Subtle Sports & fragrant Old Blush

I have often thought about what actually is happening when sports occur in our roses. I am in no way a genetics expert, but it seems to me that there are very subtle mutations, subtle mutations, and then not so subtle mutations.

For instance, I am now the proud owner of a very fragrant specimen of Old Blush. That’s right - very fragrant (at least for a short while just as the bloom opens up). I stumbled across it while perusing the spring offerings at Teas Nursery in Houston. There were a dozen or so, sitting in the antique section, blooming away, and the fragrance instantly drew me to them. I sniffed the rose, and commented to my wife that “I might need one of these, I just wish I new what it was”, to which she smugly replied “its Old Blush baby, it says so right here on the sign”, I was floored.

I’ve got Old Blush, and have seen many specimens of it throughout my life, and have NEVER detected more than a very slight fragrance. Yet, this rose is almost without a doubt Old Blush. It is right next to my original, and looks, grows, and behaves just like the original, with the exception of the fragrance.

So what do I have? I suppose it could be an almost identical “selfed” of the original, or more likely, one of the two is a sport. I think I am witnessing a gene (or set of genes) that have been turned on or off due to a minor mutation.

Similarly, I’ve had specimens of the same plant from different nurseries that exhibited slightly different characteristics. Could these too be the result of minor mutations of what I would call secondary and tertiary genes - genes that modify the expression of other genes, or genes that modify the expression of genes that modify the expression…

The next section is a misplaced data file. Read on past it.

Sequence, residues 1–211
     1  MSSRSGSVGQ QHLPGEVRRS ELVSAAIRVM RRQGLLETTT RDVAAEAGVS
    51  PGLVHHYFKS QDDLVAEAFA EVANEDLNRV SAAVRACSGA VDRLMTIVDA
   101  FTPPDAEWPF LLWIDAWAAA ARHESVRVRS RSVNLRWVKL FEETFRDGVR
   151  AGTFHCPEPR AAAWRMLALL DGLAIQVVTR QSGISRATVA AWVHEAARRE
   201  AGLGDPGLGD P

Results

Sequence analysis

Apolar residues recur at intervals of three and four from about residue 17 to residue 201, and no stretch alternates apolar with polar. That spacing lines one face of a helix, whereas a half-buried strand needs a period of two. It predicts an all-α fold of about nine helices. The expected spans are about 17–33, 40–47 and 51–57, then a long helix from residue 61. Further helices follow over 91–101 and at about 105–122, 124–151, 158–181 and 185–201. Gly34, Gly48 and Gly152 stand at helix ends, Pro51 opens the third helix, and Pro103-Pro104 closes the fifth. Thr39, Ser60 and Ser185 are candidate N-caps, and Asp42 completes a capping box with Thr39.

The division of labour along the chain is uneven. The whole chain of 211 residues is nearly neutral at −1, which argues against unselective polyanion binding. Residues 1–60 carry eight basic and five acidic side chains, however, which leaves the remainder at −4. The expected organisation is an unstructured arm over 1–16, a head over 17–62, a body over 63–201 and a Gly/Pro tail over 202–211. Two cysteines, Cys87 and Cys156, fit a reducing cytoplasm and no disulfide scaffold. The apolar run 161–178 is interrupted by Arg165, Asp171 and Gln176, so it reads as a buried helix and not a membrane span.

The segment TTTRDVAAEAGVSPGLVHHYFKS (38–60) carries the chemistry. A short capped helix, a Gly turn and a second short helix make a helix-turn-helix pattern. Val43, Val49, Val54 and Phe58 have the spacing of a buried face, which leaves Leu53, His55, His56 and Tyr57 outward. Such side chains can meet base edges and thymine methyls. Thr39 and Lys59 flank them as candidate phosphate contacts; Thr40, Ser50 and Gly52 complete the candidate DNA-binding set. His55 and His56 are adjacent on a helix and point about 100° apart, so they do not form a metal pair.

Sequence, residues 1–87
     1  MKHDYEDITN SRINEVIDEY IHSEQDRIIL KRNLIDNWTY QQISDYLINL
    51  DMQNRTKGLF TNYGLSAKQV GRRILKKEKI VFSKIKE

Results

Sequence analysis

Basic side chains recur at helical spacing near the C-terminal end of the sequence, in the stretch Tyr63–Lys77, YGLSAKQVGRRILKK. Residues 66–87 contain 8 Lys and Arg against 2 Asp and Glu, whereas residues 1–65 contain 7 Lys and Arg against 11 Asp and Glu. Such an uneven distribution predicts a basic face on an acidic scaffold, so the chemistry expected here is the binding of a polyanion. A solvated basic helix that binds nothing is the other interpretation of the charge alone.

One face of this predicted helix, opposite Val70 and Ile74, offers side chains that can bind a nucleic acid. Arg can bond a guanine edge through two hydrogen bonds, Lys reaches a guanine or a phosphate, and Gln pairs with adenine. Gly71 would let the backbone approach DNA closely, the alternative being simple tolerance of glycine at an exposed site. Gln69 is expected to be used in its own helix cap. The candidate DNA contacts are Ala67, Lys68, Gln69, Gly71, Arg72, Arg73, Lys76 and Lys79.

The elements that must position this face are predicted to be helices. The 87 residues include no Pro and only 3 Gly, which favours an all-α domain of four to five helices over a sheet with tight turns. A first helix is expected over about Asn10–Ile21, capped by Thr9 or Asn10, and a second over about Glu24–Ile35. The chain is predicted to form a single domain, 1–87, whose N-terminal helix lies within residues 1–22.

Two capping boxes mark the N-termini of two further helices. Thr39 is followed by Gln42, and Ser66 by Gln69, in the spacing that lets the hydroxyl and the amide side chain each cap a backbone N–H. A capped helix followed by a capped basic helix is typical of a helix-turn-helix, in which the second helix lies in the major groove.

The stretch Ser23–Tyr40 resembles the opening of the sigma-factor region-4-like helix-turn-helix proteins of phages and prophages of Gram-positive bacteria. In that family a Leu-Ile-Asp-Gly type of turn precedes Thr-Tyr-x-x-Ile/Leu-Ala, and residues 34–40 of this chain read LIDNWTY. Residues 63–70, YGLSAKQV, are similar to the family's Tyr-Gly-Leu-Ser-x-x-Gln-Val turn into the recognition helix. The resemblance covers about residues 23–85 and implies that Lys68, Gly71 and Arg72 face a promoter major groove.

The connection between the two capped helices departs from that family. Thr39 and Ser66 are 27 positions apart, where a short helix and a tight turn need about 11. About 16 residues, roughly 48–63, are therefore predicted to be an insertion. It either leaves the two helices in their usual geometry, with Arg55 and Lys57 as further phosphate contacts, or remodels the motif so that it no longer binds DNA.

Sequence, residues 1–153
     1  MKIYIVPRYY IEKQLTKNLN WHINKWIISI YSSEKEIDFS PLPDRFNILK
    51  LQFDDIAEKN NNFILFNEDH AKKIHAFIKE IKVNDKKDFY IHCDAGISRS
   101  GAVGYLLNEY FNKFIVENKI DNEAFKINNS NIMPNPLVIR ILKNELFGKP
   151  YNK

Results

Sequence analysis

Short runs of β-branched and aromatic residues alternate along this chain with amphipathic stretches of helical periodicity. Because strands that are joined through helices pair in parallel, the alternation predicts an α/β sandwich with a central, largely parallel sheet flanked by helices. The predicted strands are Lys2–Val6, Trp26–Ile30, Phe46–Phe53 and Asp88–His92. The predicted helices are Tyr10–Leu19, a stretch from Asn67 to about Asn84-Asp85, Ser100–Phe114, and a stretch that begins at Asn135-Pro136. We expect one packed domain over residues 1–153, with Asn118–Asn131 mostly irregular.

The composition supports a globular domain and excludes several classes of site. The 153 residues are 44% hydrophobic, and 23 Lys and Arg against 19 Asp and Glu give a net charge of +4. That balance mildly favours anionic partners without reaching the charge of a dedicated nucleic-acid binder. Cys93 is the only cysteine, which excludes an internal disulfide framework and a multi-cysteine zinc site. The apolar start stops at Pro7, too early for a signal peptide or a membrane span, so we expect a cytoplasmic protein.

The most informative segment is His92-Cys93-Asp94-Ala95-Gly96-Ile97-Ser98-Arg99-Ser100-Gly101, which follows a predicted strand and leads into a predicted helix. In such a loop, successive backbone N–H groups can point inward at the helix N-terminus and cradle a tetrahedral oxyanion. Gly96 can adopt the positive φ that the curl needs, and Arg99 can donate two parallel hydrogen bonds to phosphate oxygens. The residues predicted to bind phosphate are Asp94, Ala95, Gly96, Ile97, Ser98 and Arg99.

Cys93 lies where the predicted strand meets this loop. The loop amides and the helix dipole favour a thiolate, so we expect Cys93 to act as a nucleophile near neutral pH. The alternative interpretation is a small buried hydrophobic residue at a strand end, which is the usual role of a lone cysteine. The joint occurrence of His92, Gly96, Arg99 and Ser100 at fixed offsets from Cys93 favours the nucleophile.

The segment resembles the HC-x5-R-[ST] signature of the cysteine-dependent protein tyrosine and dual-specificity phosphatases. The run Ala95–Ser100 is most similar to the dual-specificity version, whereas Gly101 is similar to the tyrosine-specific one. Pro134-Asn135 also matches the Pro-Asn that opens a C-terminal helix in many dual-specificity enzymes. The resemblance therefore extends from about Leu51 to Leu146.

For example, take Carefree Beauty and Katy Road Pink. Living in Katy, I at one time grew both to see if they were the same (KRP is considered to be a “found” rose by some). In my humble opinion, Carefree Beauty is slightly superior in overall health, habit, and bloom. I now believe that Katy Road Pink is a slightly inferior mutation of the original (although I suppose you can never rule out the possibility that it is a slightly inferior selfed of the original).

I ramble too much. My points are:

When can we expect sports to transmit their variance to offspring?

Will the very subtle sports transmit their benefits?

Do ya’ll have other instances of what could be minor mutations (and more importantly, improvements) that you are aware of?

Baxter

Others on this forum should be able to answer this question better than I, but I’ll put a stab at it. Plants such as roses, have their cells in I believe 3 layers (usually labeled as L1, L2, and L3), I cannot remember specifically where the sex organs are located but I’m pretty sure they are generated out of L1 or L2. If the sport occurs from a different layer (i.e. L3 (or outermost) layer, the sport may be stable but not pass its characteristics onto its progency. So it doesn’t matter if the sport is dramatic or subtle, but where its located. Also some sports are ‘chimeric’ where they occur through each layer, but not necessarily throught the whole cross section of plant (imagine a wedge of genetic variation on a cross section of plant stem).

I think I remember that some sports can be made to cross all layers by forcing a plant to generate tertiary buds (a case where all active axil buds are gone and the plant must create new buds from the side of the stem). In this case I think the Layers are all regenerated from only the outermost layer and thus the mutation is captured for genetic material.

I’ll try to check my references on this. Does anybody have any thoughts on this?

Chris Mauchline